Text: 1 Thessalonians 5:16-18

Giving Thanks is God’s Will (Full Sermon Manuscript)

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Introduction:

What is the symbol for “thanksgiving”? A turkey. What if I tell you that a Christian person can be a symbol of thanksgiving, will you believe me? Well, it is difficult for us to say “yes” especially if you have been surrounded by ungrateful Christians in your entire time.

Background:

In all circumstances? Yes, remember Paul and Silas when they were imprisoned, they were singing praises to God (Acts 16:25). Remember Job when he was bombarded with all the miseries of life, his wife even told him to curse God, yet Job replied “‘Shall we accept good from God, and not trouble?’ In all this, Job did not sin in what he said” (Job 2:10). Paul when he was writing to the Philippi, he was inside the prison, both hands chained, yet still 16 times he told them to rejoice and give thanks!

Even in the context of our passage, chapters 4 and 5 of 1 Thessalonians, it is about the last days or the second coming of Christ. It describes the return of Christ and how Christians ought to behave and walk on this side of reality. Paul is saying, Jesus is Christ is coming, you must do these things. And one of his emphases was about “rejoicing, pray without ceasing, and giving thanks” arguing that these things are the “will of God in Christ Jesus.”

Biblical References:

In our passage, the will of God is centered on being thankful, giving thanks, simply bearing the attitude of gratitude. We fall short even to these simple things. But it is very clear in the Bible, throughout the Old Testament and New Testament, that the children of God are expected of being always grateful in all circumstances of life.

  • “Give thanks to the Lord because he is good, because his faithful love endures forever.” — 1 Chronicles 16:34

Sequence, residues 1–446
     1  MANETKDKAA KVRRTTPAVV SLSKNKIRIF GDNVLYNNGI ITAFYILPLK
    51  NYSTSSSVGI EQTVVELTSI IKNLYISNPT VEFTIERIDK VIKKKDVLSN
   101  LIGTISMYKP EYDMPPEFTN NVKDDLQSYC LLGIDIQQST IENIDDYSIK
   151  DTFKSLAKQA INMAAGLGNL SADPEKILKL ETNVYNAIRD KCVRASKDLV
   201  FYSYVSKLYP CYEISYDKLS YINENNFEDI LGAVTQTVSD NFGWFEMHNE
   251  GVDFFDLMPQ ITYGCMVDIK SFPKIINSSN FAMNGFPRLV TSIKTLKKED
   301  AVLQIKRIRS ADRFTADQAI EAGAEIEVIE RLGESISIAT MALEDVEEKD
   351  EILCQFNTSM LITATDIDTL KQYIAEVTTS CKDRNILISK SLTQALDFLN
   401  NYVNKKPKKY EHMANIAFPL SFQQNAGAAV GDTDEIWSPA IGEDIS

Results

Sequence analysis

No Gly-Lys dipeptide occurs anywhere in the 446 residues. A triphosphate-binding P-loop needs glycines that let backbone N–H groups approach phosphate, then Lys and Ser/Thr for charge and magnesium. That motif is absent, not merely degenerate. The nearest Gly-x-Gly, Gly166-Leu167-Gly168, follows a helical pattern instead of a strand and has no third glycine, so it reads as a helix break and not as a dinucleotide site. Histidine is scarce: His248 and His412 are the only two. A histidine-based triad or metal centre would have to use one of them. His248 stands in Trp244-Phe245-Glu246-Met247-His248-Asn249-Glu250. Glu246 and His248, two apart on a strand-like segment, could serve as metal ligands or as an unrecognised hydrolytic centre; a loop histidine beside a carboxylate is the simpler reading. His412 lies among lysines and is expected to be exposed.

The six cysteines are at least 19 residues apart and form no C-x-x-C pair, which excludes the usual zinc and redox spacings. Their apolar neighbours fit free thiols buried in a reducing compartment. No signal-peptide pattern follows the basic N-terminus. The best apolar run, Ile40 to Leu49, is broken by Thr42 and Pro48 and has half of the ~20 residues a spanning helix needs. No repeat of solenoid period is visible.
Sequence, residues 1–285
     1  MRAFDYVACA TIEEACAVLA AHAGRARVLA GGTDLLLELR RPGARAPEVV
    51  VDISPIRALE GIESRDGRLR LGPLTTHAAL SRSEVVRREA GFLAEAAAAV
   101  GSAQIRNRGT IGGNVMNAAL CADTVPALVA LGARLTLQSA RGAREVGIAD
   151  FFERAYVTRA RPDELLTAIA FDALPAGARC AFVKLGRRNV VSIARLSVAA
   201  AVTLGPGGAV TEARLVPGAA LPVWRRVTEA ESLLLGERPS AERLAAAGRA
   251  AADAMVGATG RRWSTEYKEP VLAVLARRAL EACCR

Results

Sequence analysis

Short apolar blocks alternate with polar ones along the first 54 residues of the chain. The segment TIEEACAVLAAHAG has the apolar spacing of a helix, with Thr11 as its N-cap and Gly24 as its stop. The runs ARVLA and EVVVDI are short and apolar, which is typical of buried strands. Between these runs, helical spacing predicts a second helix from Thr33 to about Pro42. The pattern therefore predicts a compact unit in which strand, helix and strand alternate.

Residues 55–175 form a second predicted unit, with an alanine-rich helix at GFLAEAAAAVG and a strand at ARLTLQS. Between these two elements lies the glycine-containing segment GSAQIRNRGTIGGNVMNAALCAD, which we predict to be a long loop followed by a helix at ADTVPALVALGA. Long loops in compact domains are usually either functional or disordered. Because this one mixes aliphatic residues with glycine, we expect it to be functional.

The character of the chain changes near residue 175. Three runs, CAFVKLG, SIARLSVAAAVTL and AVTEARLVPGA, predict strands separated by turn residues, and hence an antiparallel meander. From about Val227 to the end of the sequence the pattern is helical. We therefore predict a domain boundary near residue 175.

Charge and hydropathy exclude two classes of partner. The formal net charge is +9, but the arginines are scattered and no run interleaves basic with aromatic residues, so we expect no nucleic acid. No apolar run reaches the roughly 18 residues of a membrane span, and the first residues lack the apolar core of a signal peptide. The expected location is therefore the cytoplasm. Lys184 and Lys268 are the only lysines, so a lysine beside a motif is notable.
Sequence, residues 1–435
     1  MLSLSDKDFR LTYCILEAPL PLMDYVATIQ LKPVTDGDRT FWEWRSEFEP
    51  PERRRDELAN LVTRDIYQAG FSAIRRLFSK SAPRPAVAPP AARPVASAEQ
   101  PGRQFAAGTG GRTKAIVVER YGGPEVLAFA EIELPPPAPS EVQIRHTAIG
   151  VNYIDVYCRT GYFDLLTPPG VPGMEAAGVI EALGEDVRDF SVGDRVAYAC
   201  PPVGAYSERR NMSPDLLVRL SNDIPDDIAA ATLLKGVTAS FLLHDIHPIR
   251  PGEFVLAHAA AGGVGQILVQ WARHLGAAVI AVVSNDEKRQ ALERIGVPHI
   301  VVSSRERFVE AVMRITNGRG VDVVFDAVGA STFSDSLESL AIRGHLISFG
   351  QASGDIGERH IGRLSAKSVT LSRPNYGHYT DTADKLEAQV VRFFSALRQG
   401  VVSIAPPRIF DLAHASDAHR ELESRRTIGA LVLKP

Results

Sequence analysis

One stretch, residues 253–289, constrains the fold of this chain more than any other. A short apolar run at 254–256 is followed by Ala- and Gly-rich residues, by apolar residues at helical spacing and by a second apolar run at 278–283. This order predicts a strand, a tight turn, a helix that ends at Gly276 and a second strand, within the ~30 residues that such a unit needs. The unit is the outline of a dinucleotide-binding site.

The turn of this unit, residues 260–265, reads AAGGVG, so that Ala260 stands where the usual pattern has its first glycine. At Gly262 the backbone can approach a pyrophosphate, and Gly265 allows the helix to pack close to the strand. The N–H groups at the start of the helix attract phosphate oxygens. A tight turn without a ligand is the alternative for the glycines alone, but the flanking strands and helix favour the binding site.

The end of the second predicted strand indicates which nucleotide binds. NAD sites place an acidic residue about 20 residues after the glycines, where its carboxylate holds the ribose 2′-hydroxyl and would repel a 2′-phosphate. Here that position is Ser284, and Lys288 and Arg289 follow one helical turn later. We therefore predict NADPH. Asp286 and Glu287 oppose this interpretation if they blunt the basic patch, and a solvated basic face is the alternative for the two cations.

• “Give thanks to the Lord because he is good, because his faithful love lasts forever!” — Psalm 107:1
  • “Enter his gates with thanks; enter his courtyards with praise! Thank him! Bless his name!” — Psalm 100:4
  • “Always give thanks to God the Father for everything in the name of our Lord Jesus Christ.” — Ephesians 5:20
  • “The peace of Christ must control your hearts—a peace into which you were called in one body. And be thankful people.” — Colossians 3:15
  • “Whatever you do, whether in speech or action, do it all in the name of the Lord Jesus and give thanks to God the Father through him.” — Colossians 3:17

Main Idea:

Focusing on our main passage, 1 Thess. 5:16-18, when you stop praying, you stop rejoicing and giving thanks, and you stop following God’s will in your life. The point is praying is an essential principle in our Christian walk. Thankful to Jesus Christ, for what He had done on the Cross.

As each member of the body is united to Christ, so the body as a whole is united to each of its members. Thankful for the local church.

Be thankful for difficult people, Chris Pappalardo said, “thankful for the moments that require patience, humility, and meekness; thankful for the inter-personal friction that I usually want to avoid. Because in those moments, I remember the mercy of God—and of others—toward me.”

Be grateful for your work. Thankful for the small group. Lastly, thankful for missions and church planting. As a church, we ought to celebrate these things.

Conclusion:

There are still more to be stated here. Personal, collective, and even spiritual. My challenge is, for this year 2021, as a Christian who ought to embody gratefulness, what is your ultimate thanksgiving this year? Write it on the back of your Bible so you can always look back in the succeeding years and be reminded about this year. Thank you, church, may we all embrace Christ’s power to transform any story, even the Thanksgiving Story. Praises be to God!

 

John Paul Arceno
UCBC New Jersey
November 28, 2021

 

This section is an excerpt only; download the full manuscript here.

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